The hottest temperature ever recorded on Earth was 134°F just over a century ago in Death Valley, CA and now newly analyzed NASA satellite data from East Antarctica shows Earth set a new record for coldest temperature ever at -135.8°F. This new record is 50 degrees colder than anything that has ever been seen in Alaska or Siberia. It happened in August 2010 and was nearly matched on July 31st of this year when the temperature dropped to -135.3°F. The previous cold temperature record of -128.6°F, which was measured using a thermometer, had been set in July 1983 at a Russian research station in East Antarctica.
This news concerning the coldest temperature ever recorded has hit the news in recent days since it was presented earlier this week at a scientific conference in California. “It’s more like you’d see on Mars on a nice summer day in the poles” said the scientist presenting the results. He added “I’m confident that these pockets are the coldest places on Earth”.
The discovery was made by analyzing global surface temperature maps using data from remote sensing satellites. Specifically, the Antarctica measurements were made by the Moderate Resolution Imaging Spectroradiometer (MODIS) sensor on board NASA's Aqua satellite and by Landsat 8, a satellite launched early this year by NASA and the U.S. Geological Survey. In many respects, satellite observations for temperatures are now preferred over conventional measurements made by thermometers which often have, for example, “urban heat island” effects to deal with when comparisons are made to other time periods in the past. After studying 32 years’ worth of satellite data they found that temperatures had plunged to record lows many times on a high ridge between Dome Argus and Dome Fuji on the East Antarctica Plateau. The report also maintains that the winters of 1997, 2001, 2003 and 2004 showed several temperature minima below -90°C.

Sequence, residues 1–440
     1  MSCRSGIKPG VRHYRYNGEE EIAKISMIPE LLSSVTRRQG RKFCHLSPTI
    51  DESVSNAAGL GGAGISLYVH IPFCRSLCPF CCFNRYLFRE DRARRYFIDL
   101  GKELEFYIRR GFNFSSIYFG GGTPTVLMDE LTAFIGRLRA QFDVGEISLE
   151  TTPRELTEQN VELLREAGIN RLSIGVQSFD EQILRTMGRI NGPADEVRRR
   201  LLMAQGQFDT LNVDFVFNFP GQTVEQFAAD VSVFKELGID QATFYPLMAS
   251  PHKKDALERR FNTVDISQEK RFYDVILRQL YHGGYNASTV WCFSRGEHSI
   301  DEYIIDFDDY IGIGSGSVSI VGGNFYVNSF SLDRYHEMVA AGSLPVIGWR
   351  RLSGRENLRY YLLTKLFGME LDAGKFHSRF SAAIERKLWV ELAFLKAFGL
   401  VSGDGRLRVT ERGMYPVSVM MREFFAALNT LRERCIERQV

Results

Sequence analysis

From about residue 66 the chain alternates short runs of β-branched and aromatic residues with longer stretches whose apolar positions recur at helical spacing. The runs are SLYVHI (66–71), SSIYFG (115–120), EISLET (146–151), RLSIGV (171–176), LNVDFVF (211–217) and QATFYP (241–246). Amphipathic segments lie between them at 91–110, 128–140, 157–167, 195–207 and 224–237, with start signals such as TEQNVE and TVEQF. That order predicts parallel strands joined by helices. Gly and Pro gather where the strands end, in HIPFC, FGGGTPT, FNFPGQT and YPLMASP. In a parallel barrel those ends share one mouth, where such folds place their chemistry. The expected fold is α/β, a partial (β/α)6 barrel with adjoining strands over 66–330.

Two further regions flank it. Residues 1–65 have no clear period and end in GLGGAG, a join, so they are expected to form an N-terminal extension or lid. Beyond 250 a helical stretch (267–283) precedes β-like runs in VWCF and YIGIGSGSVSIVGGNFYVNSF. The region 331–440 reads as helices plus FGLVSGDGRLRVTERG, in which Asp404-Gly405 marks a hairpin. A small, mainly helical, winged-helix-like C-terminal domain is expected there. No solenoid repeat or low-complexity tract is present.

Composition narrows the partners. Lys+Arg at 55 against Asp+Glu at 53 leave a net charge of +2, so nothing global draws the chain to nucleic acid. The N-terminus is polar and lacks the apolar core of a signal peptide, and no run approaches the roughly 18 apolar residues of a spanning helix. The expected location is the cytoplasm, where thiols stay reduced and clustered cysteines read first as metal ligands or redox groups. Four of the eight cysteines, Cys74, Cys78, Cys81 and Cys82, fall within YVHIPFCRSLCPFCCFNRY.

Despite the new recorded low temperature, it will not be entered into the Guinness Book of World Records because the temperature was satellite measured. The official record low temperature will continue to be the -128.6°F measured (by thermometer) in July 1983 and, of course, the Death Valley high temperature record was based on a thermometer reading a century ago.